If you have gone through a civil court case and did not get the outcome that you wanted, you may be able to appeal that case. However, the appellate process can be complex and frustrating. There are strict time limits in place, and you need to make sure you don’t miss deadlines. If you do, you could ruin your chance at changing the outcome of your court battle.
In most cases, you have to appeal as soon as possible. The rule in Florida is generally that you have 30 days to make your appeal. If you miss that deadline, then you may find you cannot move forward and lose your right to appeal your case at all.
If you miss the appeals deadline, should you give up on your case?
Not necessarily. In fact, if you miss the appeals deadline, there may be other ways to challenge the judgment besides appealing the case. One that commonly occurs is if you were never properly served notice of the case before the judgment was issued. If so, you may be able to file what’s called a “motion for relief from judgment,” which is also often referred to as a “collateral proceeding” against the judgment.
While getting an attorney before the time to appeal runs out is ideal, if you’ve missed your chance you should still consult with an attorney to determine if you have other options available. There are no guarantees, even if your attorney does present good evidence to the court, but you may be able to overturn a judgment without an appeal in some cases.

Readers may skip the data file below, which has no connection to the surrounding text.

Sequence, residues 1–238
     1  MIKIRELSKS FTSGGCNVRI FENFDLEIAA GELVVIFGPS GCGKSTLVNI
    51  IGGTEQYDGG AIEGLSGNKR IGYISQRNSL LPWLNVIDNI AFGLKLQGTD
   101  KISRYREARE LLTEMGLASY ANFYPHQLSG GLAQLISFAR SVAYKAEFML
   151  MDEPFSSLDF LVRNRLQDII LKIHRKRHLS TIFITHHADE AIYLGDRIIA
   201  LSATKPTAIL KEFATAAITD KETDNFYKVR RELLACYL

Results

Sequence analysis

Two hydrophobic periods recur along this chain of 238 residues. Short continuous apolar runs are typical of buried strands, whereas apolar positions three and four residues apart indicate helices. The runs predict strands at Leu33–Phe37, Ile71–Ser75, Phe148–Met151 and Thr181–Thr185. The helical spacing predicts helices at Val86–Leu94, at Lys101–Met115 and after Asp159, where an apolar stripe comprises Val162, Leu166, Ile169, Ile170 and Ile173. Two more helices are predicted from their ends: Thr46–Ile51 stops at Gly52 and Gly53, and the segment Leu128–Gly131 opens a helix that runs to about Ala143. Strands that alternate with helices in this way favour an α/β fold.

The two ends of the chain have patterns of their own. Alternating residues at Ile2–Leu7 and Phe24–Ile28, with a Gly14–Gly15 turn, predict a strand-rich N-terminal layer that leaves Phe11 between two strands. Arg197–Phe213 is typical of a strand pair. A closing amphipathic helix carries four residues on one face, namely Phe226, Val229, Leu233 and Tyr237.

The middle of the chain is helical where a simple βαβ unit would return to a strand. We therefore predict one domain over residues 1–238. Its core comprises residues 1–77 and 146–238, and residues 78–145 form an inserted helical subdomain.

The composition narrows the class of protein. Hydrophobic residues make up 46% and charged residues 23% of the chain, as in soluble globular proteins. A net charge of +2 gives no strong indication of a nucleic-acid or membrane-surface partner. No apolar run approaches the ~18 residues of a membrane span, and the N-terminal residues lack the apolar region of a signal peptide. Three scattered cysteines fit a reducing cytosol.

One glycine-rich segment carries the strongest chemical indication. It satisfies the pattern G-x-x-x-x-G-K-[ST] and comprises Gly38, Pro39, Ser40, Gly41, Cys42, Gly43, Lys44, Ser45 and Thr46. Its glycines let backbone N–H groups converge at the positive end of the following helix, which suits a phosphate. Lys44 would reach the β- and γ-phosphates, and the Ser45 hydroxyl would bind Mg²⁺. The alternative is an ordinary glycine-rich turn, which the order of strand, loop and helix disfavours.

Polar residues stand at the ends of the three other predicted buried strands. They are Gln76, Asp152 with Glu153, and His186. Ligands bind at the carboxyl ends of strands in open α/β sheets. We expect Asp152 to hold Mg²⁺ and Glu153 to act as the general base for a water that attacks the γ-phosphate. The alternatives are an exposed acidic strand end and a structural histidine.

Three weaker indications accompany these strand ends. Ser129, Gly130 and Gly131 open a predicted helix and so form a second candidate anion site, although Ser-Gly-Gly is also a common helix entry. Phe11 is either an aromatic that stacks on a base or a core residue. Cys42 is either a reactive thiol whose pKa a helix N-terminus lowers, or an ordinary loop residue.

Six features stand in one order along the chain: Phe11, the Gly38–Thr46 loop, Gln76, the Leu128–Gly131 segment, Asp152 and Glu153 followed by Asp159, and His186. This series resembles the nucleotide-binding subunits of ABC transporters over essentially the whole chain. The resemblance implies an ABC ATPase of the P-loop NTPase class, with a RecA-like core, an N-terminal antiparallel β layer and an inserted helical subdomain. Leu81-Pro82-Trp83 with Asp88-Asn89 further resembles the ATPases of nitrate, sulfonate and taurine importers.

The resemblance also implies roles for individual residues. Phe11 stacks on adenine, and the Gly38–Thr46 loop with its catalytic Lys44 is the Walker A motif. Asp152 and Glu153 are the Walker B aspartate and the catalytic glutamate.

How can you avoid missing deadlines with your case?
To avoid missing appeal deadlines that are approaching, the best bet is to talk to your attorney as soon as you receive the initial judgment on your original case. Your attorney will then calendar the applicable deadlines, go over the options for the appeal, and determine if an appeal is in your best interests.
If an appeal is right for you, it’s time to prepare for court
If an appeal is the right path for you, then your attorney will prepare your case for the appeal. This appeal will likely be heard by a panel of three judges, so the case does have to be strong and able to convince them that the initial ruling was unjust or inaccurate.